AUSTIN, Texas — Austin ISD leaders are planning to cut 632 jobs in an effort to reduce spending.
"We have staff from our own communications team, from operations, academics, [schools team at central office],” said district spokesperson Cristina Nguyen.
The 632 jobs include 375 full-time central office positions and 257 full-time positions from campuses. AISD leaders said the job cuts on campuses were completed in the fall "when the district leveled staffing at schools by consolidating classes and not filling vacancies after seeing lower-than-expected enrollment," KVUE's news partners at Austin American-Statesman reports.
Those cuts will help the district give teachers 1,000 base pay raises, and give bus drivers and other support staff raises as well.
Most cuts in the central office came from attrition and unfilled vacancies, but the positions of about 145 current employees will be eliminated by June 30. AISD's chief financial officer said district leaders began informing those employees last week that their jobs will be eliminated and are working with them to find other jobs within or outside of AISD.
The 2022-23 preliminary budget plan includes $5.5 million for a $1,000 increase to teacher base pay; $6.3 million for 2% teacher pay raises based on midpoint salaries; $8 million to raise the district's minimum hourly wage to $16 from $13.50; and $1 million to raise the minimum hourly pay for bus drivers to $21 from $17, according to the Statesman.
The budget also includes an investment of $2 million for an "Equity Allotment" to help campuses with low-income students that may not be able to raise funds for extracurricular activities. The Statesman reports that, under the allotment, elementary schools in need could receive about $20,000 to $35,000, middle schools could receive $40,000 to $45,000 and high schools could receive up to $100,000.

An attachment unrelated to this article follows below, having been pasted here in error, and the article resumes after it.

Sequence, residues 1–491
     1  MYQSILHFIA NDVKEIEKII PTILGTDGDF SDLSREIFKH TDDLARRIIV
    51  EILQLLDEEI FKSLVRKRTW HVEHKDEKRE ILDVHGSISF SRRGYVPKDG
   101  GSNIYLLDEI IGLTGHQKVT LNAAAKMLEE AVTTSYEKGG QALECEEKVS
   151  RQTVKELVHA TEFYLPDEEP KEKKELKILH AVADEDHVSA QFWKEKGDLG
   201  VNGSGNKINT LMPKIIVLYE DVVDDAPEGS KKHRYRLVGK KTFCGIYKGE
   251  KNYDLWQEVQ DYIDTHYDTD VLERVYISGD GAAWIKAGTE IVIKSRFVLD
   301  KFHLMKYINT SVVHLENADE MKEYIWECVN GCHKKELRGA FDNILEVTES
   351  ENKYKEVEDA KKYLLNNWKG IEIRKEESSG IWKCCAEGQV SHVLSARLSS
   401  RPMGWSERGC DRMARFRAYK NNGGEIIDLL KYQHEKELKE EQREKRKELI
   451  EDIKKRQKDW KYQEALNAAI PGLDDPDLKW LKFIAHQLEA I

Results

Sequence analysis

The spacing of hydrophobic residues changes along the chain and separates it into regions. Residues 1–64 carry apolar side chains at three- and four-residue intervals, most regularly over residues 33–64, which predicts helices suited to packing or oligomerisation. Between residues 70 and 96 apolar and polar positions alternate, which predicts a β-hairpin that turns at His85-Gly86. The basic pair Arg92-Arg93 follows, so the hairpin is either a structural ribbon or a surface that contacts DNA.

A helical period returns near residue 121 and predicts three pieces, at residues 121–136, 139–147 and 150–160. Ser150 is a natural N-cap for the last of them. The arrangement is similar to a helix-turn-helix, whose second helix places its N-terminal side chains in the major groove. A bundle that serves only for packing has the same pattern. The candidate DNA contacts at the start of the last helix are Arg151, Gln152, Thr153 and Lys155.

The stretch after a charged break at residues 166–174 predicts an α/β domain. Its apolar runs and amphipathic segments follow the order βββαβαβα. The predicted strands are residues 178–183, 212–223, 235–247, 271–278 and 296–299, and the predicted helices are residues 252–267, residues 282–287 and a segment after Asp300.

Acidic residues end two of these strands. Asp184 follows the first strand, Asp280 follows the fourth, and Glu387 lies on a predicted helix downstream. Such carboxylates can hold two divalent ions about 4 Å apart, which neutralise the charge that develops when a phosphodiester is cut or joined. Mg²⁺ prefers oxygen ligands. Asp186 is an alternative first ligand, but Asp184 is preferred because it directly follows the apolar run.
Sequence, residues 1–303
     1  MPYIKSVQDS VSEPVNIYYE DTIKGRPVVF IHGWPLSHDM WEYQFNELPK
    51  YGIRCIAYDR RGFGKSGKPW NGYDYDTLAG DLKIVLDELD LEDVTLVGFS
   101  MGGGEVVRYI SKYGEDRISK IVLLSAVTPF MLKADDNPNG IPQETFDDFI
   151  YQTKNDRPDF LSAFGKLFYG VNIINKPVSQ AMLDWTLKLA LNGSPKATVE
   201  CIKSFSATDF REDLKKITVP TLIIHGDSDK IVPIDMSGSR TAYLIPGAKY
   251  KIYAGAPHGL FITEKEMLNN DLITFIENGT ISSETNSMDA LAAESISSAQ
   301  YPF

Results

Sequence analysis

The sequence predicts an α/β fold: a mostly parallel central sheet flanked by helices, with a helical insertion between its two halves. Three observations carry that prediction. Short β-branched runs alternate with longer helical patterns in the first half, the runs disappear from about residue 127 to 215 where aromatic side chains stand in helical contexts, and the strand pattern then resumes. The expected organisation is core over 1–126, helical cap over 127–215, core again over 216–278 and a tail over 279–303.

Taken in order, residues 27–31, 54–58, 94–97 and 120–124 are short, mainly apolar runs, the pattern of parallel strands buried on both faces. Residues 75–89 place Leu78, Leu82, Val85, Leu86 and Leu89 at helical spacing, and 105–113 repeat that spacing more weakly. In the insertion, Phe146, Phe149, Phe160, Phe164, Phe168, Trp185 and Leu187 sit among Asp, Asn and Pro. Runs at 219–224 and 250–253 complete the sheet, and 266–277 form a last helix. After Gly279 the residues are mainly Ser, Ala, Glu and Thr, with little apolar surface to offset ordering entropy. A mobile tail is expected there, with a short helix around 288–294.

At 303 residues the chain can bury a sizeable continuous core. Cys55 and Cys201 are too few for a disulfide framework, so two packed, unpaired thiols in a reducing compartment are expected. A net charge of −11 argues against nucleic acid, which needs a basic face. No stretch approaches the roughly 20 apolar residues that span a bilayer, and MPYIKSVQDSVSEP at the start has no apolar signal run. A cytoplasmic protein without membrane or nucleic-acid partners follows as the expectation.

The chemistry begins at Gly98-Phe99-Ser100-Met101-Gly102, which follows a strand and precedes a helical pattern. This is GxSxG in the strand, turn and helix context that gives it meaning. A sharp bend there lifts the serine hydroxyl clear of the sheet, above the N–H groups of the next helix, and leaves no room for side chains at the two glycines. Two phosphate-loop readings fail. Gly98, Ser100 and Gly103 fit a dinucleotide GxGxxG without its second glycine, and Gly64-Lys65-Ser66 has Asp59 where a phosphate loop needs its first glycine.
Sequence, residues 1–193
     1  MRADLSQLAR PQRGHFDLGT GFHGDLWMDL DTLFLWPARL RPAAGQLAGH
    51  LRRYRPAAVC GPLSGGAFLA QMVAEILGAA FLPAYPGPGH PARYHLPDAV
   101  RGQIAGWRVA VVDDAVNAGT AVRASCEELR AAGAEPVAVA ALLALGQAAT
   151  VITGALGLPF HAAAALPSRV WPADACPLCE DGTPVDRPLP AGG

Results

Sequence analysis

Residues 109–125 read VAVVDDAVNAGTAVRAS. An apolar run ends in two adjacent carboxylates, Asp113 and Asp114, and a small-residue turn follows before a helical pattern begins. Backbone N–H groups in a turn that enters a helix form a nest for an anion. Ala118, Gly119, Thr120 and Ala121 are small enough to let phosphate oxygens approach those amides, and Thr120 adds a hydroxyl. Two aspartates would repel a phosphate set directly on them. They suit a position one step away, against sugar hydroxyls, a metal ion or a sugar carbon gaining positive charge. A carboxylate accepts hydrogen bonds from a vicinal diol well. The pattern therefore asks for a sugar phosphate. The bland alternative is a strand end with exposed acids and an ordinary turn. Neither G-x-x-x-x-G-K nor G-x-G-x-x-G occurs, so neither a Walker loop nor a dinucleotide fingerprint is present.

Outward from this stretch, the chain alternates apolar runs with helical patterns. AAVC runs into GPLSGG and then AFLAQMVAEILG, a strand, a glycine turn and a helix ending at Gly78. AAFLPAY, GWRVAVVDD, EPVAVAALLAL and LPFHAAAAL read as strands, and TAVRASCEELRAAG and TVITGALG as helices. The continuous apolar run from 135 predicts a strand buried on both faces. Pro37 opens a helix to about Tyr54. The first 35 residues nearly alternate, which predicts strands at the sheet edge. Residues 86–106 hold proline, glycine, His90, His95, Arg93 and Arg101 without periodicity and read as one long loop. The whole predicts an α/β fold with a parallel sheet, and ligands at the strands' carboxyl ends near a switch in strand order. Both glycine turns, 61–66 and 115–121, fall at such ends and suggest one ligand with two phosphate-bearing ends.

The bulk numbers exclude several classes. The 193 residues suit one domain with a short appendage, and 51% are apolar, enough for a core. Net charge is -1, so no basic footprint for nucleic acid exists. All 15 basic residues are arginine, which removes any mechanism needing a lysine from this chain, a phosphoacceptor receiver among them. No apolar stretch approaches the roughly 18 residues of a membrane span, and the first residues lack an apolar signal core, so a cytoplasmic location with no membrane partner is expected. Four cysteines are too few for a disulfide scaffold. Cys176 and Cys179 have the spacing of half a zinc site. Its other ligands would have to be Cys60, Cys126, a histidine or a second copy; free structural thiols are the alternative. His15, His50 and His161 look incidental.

The approximately $1 billion preliminary spending plan will be presented to the AISD school board next Thursday. The board isn't scheduled to vote on the budget until June.
AISD, like others across the state, is struggling to hire and keep teachers.
Nguyen said AISD plans to address equity as well, committing $2 million for extracurricular activities in schools with fewer resources.
"Some of our campuses are able to have thousands upon thousands in their PTA funds, whereas in some other schools maybe the teachers are only part of that PTA," she said.
That money will go to programs such as chess clubs or robotics.
Nguyen said part of the reason money is so tight is Texas' recapture system for school funding, which mandates that wealthier districts pay money back to the state to help fund more poor schools. She said more than half of every taxpayer dollar they receive goes to the recapture pool.
"Right now, because Austin has so much property wealth, we actually are paying about a quarter of the total recapture pool in the whole State of Texas," she said.
Leaving less money for local schools.
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